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Ocean Acidification Program News

Recycling vs. Reducing CO2 : How to Frame the Issue of Ocean Acidification

SOARCE Webinar

Presenter: Alexis Bunten, The FrameWorks Institute
Primary Audience: Informal Educators & Communicators
Date/Time: Wednesday, Sept. 24th, 12pm PDT (3pm EDT)
Project website:
Did you ever wonder just what is in peoples’ heads that causes them to reach the wrong conclusions (despite the provision of accurate information) about the environmental issues that affect our lives?
This webinar shares the latest findings from cognitive research conducted by the FrameWorks Institute about how to communicate the issue of ocean acidification to the public. In this webinar, you will learn the widely shared cultural schemas that shape Americans’ preconceived biases around the issue of ocean acidification. These pervasive patterns of thought, called “cultural models,” prevent Americans from understanding of the cause and solution to ocean acidification. Researchers at the FrameWorks Institute tested ways to best communicate ocean acidification to the public using explanation and metaphor. The results of FrameWorks rigorous descriptive and experimental research process will be presented along with opportunities to practice and ask questions.
Relevant materials include:
“Getting to the Heart of the Matter:Using Metaphorical and Causal Explanationto Increase Public Understanding of Climate and Ocean Change”
“Just the Earth Doing Its Own Thing”
About the Speaker:
Alexis Celeste Bunten is a senior researcher with the FrameWorks Institute. Her areas of expertise include heritage, interpretation, cross-cultural communication, community development, tourism, and workplace ethnography. Among other issue areas, Dr. Bunten has been conducting research and training in climate and ocean change communications since 2011. Prior to coming to FrameWorks, she taught at UCLA and Humboldt State University, completed postdoctoral fellowships at UC Berkeley and UC Santa Cruz, and was an invited scholar at the University of Paris-Sorbonne, and University of Victoria, Wellington. Dr. Bunten received a B.A. in art history at Dartmouth College and a Ph.D. in socio-cultural anthropology at UCLA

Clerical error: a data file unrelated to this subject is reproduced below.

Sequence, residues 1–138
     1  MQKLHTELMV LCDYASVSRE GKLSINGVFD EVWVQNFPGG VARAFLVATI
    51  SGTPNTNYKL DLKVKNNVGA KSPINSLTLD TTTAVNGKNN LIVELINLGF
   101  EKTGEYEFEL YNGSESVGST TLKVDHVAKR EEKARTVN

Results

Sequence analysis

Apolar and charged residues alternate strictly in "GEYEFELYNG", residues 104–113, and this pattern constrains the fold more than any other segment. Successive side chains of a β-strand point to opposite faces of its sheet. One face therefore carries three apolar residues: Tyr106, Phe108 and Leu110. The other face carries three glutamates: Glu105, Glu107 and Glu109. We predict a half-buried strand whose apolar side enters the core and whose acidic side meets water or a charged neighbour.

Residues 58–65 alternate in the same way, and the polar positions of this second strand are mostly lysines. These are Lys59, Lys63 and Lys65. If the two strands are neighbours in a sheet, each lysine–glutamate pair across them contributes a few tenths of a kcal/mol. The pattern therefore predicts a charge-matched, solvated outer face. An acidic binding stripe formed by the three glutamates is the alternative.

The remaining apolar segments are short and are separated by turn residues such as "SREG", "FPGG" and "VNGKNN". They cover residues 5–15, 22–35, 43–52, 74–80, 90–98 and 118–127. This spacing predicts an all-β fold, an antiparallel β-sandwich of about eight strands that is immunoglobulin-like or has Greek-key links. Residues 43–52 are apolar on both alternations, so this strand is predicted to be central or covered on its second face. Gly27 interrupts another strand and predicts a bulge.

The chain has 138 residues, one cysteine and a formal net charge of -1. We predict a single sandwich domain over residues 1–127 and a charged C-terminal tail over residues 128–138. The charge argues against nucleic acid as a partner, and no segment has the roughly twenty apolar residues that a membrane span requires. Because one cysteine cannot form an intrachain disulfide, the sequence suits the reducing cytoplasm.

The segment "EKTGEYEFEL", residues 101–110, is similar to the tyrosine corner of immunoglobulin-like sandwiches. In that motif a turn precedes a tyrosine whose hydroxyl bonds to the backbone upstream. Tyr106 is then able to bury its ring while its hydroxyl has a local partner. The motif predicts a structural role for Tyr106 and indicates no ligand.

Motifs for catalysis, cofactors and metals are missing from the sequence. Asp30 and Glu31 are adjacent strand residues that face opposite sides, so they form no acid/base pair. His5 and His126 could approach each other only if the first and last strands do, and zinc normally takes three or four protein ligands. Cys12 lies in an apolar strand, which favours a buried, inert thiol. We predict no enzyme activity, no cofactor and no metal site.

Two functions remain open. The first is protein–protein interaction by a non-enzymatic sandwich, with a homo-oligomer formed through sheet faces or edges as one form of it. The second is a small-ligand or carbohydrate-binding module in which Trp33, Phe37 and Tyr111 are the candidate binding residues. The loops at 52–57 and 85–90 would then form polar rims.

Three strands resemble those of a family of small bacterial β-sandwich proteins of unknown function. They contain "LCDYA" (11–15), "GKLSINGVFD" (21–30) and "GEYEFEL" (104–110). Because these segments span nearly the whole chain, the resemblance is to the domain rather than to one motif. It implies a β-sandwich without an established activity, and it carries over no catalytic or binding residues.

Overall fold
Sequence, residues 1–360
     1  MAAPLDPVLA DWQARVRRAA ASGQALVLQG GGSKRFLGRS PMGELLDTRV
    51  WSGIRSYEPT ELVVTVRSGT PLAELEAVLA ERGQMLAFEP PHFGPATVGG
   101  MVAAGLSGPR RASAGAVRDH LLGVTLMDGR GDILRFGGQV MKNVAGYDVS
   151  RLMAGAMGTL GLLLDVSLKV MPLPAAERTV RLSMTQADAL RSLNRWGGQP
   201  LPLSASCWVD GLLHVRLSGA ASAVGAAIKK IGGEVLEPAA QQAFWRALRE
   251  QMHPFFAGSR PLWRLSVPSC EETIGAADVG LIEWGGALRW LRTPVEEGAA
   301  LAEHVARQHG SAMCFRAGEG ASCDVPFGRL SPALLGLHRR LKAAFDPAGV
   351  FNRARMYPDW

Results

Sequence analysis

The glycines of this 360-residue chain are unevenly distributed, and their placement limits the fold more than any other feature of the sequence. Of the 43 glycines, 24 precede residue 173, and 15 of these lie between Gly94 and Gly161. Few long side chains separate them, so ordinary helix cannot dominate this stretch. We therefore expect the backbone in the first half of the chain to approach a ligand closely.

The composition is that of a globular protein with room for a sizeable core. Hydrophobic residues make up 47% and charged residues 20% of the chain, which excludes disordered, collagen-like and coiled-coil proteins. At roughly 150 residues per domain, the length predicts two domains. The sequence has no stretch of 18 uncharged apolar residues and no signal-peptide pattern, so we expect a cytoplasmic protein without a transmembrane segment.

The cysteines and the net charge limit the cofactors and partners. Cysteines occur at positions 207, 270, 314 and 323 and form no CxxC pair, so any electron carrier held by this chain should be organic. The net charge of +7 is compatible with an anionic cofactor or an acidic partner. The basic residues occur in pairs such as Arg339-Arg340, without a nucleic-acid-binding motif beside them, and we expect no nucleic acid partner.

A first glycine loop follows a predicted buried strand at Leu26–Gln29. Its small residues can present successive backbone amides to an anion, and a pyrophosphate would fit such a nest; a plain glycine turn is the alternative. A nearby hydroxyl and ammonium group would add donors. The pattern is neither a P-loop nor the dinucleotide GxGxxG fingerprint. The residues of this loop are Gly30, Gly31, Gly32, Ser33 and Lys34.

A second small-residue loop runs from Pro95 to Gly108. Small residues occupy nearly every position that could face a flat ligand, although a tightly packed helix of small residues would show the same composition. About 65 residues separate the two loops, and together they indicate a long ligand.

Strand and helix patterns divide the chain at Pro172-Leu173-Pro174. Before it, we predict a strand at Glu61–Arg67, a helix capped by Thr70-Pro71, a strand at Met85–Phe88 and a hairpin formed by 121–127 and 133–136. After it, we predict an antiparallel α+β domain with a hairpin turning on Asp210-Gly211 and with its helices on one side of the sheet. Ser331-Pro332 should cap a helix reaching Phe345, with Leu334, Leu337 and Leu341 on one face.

Dr. Bunten can be reached at
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The NOAA Ocean Acidification Program (OAP) works to prepare society to adapt to the consequences of ocean acidification and conserve marine ecosystems as acidification occurs. Learn more about the human connections and adaptation strategies from these efforts.

Adaptation approaches fostered by the OAP include:


Using models and research to understand the sensitivity of organisms and ecosystems to ocean acidification to make predictions about the future, allowing communities and industries to prepare


Using these models and predictions as tools to facilitate management strategies that will protect marine resources and communities from future changes


Developing innovative tools to help monitor ocean acidification and mitigate changing ocean chemistry locally


On the Road

Drive fuel-efficient vehicles or choose public transportation. Choose your bike or walk! Don't sit idle for more than 30 seconds. Keep your tires properly inflated.

With your Food Choices

Eat local- this helps cut down on production and transport! Reduce your meat and dairy. Compost to avoid food waste ending up in the landfill

With your Food Choices

Make energy-efficient choices for your appliances and lighting. Heat and cool efficiently! Change your air filters and program your thermostat, seal and insulate your home, and support clean energy sources

By Reducing Coastal Acidification

Reduce your use of fertilizers, Improve sewage treatment and run off, and Protect and restore coastal habitats

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You've taken the first step to learn more about ocean acidification - why not spread this knowledge to your community?

Every community has their unique culture, economy and ecology and what’s at stake from ocean acidification may be different depending on where you live.  As a community member, you can take a larger role in educating the public about ocean acidification. Creating awareness is the first step to taking action.  As communities gain traction, neighboring regions that share marine resources can build larger coalitions to address ocean acidification.  Here are some ideas to get started:

  1. Work with informal educators, such as aquarium outreach programs and local non-profits, to teach the public about ocean acidification. Visit our Education & Outreach page to find the newest tools!
  2. Participate in habitat restoration efforts to restore habitats that help mitigate the effects of coastal acidification
  3. Facilitate conversations with local businesses that might be affected by ocean acidification, building a plan for the future.
  4. Partner with local community efforts to mitigate the driver behind ocean acidification  – excess CO2 – such as community supported agriculture, bike & car shares and other public transportation options.
  5. Contact your regional Coastal Acidification Network (CAN) to learn how OA is affecting your region and more ideas about how you can get involved in your community
       More for Taking Community Action